I don’t think this is inconsistent at all with the Livingston and Penn work. They are even referenced in the PDF. But one thing I don’t understand is where the drop in TSI by 5 Watts comes from. It’s quite an extrapolation from what has been observed so far of less than a tenth of that.

  5. Sean November 11, 2012 / 2:39 pm

    Leif Svagaard referenced a new paper on the onset of the Maunder minimum over at Solar Cycle 24: The new examination of the data indicates a gradual onset which would be similar to the prediction by Abdussamatov in this paper with a transition over 3 cycles.

  6. Russell Steele November 11, 2012 / 8:52 pm


    Thanks for the link. I am going to read the PDF in detail and will report back.

  7. black friday romania 2012 November 15, 2012 / 4:29 pm

    When I initially commented I clicked the “Notify me when new comments are added” checkbox and now
    each time a comment is added I get three emails with the same comment.
    Is there any way you can remove people from that service?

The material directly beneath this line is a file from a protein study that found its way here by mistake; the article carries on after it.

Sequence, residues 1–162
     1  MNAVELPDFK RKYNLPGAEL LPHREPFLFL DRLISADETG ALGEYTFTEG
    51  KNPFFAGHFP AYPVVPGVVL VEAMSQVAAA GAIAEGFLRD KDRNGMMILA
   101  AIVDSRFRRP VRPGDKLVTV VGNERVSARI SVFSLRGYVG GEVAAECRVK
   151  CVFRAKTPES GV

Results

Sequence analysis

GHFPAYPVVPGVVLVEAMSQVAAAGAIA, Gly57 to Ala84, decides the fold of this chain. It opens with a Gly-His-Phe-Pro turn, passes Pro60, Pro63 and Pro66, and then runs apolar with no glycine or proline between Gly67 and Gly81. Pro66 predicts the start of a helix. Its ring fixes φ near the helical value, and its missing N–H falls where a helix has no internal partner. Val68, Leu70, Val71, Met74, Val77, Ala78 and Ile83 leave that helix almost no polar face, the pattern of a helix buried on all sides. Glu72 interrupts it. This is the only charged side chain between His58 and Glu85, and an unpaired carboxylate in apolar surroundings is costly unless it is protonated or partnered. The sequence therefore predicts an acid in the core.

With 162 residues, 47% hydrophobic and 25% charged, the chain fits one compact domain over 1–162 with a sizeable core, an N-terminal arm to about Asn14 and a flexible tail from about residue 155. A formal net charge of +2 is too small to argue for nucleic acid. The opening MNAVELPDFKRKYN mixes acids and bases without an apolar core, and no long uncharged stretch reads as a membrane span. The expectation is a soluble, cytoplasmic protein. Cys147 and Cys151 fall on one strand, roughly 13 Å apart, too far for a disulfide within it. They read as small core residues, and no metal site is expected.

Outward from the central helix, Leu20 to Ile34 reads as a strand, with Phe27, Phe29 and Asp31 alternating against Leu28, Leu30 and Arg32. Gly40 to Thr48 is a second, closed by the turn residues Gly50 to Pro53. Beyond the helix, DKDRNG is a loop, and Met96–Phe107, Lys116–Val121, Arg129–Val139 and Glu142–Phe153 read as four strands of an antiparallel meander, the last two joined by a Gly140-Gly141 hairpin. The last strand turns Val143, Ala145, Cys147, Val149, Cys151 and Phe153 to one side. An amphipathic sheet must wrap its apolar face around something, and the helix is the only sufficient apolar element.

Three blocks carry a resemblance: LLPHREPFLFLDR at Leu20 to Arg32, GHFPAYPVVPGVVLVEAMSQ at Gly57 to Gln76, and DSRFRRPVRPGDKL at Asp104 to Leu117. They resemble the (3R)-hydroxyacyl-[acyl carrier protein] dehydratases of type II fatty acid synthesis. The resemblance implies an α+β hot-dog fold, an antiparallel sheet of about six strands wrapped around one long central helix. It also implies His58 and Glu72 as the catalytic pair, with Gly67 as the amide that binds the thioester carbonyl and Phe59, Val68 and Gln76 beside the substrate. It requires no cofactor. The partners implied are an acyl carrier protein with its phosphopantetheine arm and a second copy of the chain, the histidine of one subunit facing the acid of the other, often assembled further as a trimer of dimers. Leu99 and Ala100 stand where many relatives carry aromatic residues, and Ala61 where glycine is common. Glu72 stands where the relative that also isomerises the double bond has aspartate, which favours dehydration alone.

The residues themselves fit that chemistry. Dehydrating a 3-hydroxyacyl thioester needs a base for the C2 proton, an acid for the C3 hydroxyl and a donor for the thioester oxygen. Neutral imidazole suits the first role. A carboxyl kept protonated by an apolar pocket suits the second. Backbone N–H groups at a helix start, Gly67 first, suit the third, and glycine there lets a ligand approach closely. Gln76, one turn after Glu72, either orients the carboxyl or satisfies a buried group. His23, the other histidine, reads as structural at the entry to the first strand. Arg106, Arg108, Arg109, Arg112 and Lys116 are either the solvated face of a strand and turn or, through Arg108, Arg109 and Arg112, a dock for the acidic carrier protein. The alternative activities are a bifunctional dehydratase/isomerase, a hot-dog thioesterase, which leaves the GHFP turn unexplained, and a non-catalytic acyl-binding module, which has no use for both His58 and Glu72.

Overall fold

• Russ November 15, 2012 / 7:54 pm


      I cannot find way to turn off that feature from my end. I will sent a request to wordpress to see if they have some suggestions. Sorry about the inconvenience!

  8. Ian W May 18, 2013 / 10:20 am

    There seems to be a tendency to proclaim a single cause for changes in the climate. It is a chaotic system of chaotic systems so sometimes an input even a large input at the wrong time will have no effect whereas the same input at just the right time could move the climate system to a different attractor. This is rather like timing the ankle throw just right.

    So the Earth has its own innate chaotic systems with emergent patterns that sometimes may be in synchrony and sometimes not. The Sun would appear to have chaotic patterns some of which may be driven by the planets whose orbits are also to some extent chaotic. External to the Solar system are events such as supernovae which may shower the Earth with GCR. In many cases the possibility of achieving the perfect ‘ankle throw’ is never available as the relative positions of the other systems in their orbits around the various attractors does not allow it. But every now and then an opportunity arises with a conjunction of several of the systems. It may be that we are approaching just such a time. I won’t be moving to Northern Canada.and selling my coat.

  9. Scott McMillan January 28, 2014 / 7:10 am